When Ford's PR folks sent over the window sticker for the Mustang Mach 1 that was set to be dropped off at my first door, the first thing I did was check to see what sort of gearbox it had. The second thing I did was sigh. My otherwise-wonderfully-specced tester would be arriving with a 10-speed automatic sending power to the rear wheels, not the six-speed manual that comes standard.
Sure, the automatic received its fair share of changes for Mustang Mach 1 duty: the torque converter has been upgraded and reprogrammed for more aggressive operations, and there's a second air-to-oil cooler. But the Mach 1's manual gearbox is sourced from the excellent Shelby GT350, which has gone off into that good night for the 2021 model year. Also, well...it's a V8-powered Mustang. If there's one car that deserves to have its engine wound out through a manual transmission even if it compromises overall performance in the name of driving fun, it's an eight-cylinder 'Stang.
After a long weekend of driving to (and around) the empty winding roads of the Adirondacks and back again, I can decisively say the Mach 1 is indeed a delightful machine to whip around — not just straight-line fast, but a well-rounded performance machine. I just wish my left leg had had more to do.
The Mach 1 (not to be confused with the Mach-E, which is a very different proposition) is the middleweight contender in the Mustang's lineup, performance-wise — wedged between the welterweight Mustang GT and the heavyweight Shelby GT500. It's also a de facto replacement for the Mustang Bullitt, with which it shares its 480-horsepower and 420-lb-ft output.
But the Bullitt didn't get all the performance goodies that Ford scooped out of the Shelby bins for use in the Mach 1. The GT500 contributed its rear axle cooling system, toe link and diffuser; from the now-defunct GT350 came its front and rear subframes, intake manifold, engine oil cooler and oil-filter adapter. (And, of course, its six-speed manual.) In other words: Ford packed the Mach 1 with the goodies needed to help it not just survive track usage, but thrive under it.
Perhaps unsurprisingly, a hoot. My complaints notwithstanding, the 10-speed auto is actually an excellent partner for the V8 — happy to loaf around in high gear to save gas much of the time, but start dialing up the intensity, and it starts clicking off rapid-fire shifts and working hard to keep the engine in the thick of the powerband. With all that power under the hood, achieving super-legal velocities is damn easy.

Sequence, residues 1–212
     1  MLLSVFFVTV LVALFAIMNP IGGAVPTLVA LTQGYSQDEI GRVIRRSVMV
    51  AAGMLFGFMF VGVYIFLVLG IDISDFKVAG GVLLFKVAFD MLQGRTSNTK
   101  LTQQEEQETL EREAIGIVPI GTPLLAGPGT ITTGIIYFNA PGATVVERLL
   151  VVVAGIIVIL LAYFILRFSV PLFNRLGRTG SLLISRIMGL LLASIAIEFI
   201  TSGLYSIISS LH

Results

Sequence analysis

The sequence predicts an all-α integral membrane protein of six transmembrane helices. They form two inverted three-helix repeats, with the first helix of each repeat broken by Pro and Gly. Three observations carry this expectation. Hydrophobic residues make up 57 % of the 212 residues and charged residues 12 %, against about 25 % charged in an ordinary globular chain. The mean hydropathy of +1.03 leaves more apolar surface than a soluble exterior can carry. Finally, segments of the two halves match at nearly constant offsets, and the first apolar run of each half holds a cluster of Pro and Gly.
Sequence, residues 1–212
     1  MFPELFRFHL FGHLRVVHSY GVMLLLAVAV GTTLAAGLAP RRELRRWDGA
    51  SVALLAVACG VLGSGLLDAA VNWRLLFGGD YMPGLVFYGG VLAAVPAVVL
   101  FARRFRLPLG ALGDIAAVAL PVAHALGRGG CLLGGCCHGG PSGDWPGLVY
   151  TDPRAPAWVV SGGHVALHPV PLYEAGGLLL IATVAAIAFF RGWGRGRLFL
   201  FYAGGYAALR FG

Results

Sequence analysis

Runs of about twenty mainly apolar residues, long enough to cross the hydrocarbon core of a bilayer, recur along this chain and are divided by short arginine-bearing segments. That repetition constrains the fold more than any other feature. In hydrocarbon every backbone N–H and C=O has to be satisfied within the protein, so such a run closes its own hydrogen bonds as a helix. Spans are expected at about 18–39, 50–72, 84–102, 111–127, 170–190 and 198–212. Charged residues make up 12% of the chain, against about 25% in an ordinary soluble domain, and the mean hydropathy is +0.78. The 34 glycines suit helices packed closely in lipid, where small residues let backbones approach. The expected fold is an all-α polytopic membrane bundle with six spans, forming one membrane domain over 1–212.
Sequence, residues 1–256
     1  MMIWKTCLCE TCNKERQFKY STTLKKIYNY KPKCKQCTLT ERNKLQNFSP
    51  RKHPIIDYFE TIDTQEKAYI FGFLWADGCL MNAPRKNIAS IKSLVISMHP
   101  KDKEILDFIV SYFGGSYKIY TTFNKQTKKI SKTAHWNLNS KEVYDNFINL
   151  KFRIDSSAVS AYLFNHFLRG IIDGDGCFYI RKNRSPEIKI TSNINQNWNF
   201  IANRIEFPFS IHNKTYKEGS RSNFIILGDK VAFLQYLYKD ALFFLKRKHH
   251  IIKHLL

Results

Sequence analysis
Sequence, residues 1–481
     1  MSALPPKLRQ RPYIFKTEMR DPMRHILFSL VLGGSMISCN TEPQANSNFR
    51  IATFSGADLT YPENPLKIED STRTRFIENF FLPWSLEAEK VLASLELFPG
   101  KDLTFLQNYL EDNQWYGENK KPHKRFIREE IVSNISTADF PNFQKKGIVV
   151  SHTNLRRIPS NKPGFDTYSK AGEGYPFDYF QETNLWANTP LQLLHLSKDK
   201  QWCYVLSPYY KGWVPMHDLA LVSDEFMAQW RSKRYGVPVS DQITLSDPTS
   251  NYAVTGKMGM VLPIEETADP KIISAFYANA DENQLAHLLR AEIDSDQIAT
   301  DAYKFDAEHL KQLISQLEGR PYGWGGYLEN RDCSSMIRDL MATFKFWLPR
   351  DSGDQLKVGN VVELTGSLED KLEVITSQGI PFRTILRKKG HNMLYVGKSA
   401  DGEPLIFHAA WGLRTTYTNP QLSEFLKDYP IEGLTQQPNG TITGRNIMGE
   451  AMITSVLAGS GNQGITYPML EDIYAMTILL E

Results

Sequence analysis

Holding them through the turns is also damn easy. The sixth-gen Mustang may not have the inherently exceptional chassis that the Camaro does, but Ford's done yeoman's work for the Mach 1 tuning it to be a comprehensive performer for winding roads and race tracks: staying flat, responding quickly and accurately, gripping like hell, remaining balanced even when the grip gives up. (All those Shelby parts aside, in the real world, it's a hair better than the old Mustang GT PP2, which likely explains why that performance-minded trim was axed once the Mach 1 showed up.)
Pretty much like any other Mustang inside: a blend of retro design cues and modern screens, with comfortable seats and easy-to-use controls surrounded by lots of black plastic. If you're expecting an interior commensurate with a $53,000-plus car from Mercedes or Acura, well, you'll likely be a tad disappointed — but the money is going towards the go-fast bits, not the frippery. Still, the seats are great on long hauls, the digital instrument panel remains one of the best in the business.
While it not be as wild or impractical as some of the other cars of similar price and performance — your base-model Caymans and Corvettes and so forth — living with a Mustang does remain a tad less utilitarian than, say, a Honda Accord. That lip spoiler requires extra care when mounting driveways and gas station ramps, and the rear "plus-two" seats are so dramatically shaped by their cushions and tricky to access, you'll probably wind up throwing far fewer things back there than you think you will when you're trying to sell your partner on the car's versatility at the dealership. ("But honey, it's a four seater!")
Still, if you're looking to find a good all-around performance car that's made for both street and track use but is also fairly usable in the day-to-day grind, the Mustang Mach 1 is very much worthy of consideration. Just, y'know...get the stick.
Base Price / Price as Tested: $52,915 / $59,390
Powertrain: 5.0-liter V8, six-speed manual or 10-speed automatic, rear-wheel-drive
Torque: 420 lb-ft
EPA Fuel Economy: 15 mpg city, 23 mpg highway
Seats: Two adults and two small children / medium dogs / large cats
The results may surprise you.